Superman is an escapist fantasy. When real tragedies befall us, there's no Superman to swoop in and save lives. There's no Superman to shrug off bullets in a crossfire and find peace between opposing forces or pull innocents from harms way.
But I like that fantasy. I don't just like it because it's convenient, and it'd be nice. Of the fantasies offered - it's the one with hope for a better tomorrow. It's not about punishing the wicked (maybe stopping them, but...), it's about making a better planet. The fantasy of Superman is the one of kindness and generosity despite the knowledge of how the world works. It's not that the idea of trying to do right is naive or fails to see how the world operates; it's that Superman can see that side of things and doesn't tear the world apart apart or give up. Instead, he puts on the cape and the tights and tries to make his adopted planet better than it would be if he didn't show up.
And, yes, it's a never-ending battle.
It's probably not coincidental that my fandom of Superman grew as I grew older, more comfortable in my own skin, and was finding that kindness, courtesy, helping... trying to solve problems rather than blaming others... those are the things that make your corner of the world better (I don't do this well, and I don't do it as often as I'd like. We're all works in progress.). I can't tell you how or when that notion solidified for me, but it took place between watching the Superman movies in high school and reading Grant Morrison's JLA and in what I was learning in school, in my hours out of school, working retail, working on collaborative projects... all the things you do as a young adult.
If people didn't like the red cape and trunks and found Superman maybe a little corny - it wasn't like he cared. And there's something to that. I won't pretend like I don't care what people think of me - but worrying about "cool" is a pathway to regrettable haircuts and a wardrobe that dates poorly. Bag on the red trunks, but in forty more years he'll still be in them and your wardrobe will look ridiculous.
Superman was also in love - and that I understood. If he had a never-ending battle, and if Lois was the touchstone that ensured he pressed on, in many ways that are very hard to write about here, that - I also understood. From his first appearance, Superman picked battles that others hadn't taken on, lifted that load willingly. That's something I can get my head around, and as we age, we take on responsibilities (joyfully) of significant others, of children, of family and friends.. no, we're not saving the world, but we're saving each other.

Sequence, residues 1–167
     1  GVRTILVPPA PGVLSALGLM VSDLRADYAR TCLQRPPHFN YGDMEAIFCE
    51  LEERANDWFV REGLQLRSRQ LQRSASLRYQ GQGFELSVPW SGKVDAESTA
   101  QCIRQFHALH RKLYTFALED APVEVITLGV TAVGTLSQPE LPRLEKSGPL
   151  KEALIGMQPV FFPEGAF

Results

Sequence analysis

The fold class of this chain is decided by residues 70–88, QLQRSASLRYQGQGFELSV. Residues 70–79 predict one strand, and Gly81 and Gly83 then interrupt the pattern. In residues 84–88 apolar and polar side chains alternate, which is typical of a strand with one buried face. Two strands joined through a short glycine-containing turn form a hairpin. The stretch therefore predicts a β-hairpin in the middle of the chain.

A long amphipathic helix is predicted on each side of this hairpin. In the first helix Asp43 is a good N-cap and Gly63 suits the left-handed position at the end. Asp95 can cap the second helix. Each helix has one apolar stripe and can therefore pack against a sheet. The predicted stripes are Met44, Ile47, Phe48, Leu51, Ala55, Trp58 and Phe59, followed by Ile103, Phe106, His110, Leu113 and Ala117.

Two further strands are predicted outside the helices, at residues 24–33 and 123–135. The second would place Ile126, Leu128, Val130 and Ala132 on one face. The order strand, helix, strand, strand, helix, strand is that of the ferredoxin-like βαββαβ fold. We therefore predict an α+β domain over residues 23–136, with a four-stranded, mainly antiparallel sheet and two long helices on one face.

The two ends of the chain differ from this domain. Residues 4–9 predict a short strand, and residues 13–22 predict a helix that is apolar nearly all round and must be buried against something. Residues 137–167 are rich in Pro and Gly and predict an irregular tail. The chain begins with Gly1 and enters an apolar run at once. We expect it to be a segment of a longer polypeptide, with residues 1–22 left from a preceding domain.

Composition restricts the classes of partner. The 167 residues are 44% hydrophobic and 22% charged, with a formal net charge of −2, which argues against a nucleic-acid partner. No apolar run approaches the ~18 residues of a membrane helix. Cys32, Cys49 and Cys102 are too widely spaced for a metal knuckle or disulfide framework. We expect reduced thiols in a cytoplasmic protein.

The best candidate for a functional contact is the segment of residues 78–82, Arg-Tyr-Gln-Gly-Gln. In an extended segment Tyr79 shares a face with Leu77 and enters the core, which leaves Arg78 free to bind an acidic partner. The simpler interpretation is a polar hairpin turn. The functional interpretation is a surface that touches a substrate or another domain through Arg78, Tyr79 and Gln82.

We know power can corrupt. We know the world can be a dark, grim place. There are times when the world probably needs Superman less. Times when we need Superman more. Whether it's billionaires rigging the system (Luthor or the all too real kind), corruption in the halls of government or wars looming on the horizon - the idea of what one person can do, bullet proof or otherwise, as long as they know it's the good fight, that they use their own power to do what's right instead of rolling over or looking the other way... That's an ideal I can hang onto.
For my dollar, I'll take the guy willing to shake hands, who starts by asking for those in the wrong to stop before he takes action, has a kind word for others, leaps into the path of bullets, and who still has time for friends, has time for love. He's been imagined as the person who can stand up when others can't, who you can't stop as he steps in to do the right thing, who gives second chances and knows we're all here, and we're all we've got.
Sure, Superman is a good role model for kids. There's nothing wrong with that. I think most days I think us adults could try to be as good as we imagine Superman. That might not be the worst thing in the world.
Here's to the superhero who started it all. The model for our collective image of power used for good. Here's to 1000 issues of Action Comics, 80 years of Superman, and all the decades and comics ahead!
This is a job for Superman!
|Your humble blogger in his Fortress of Nerditude|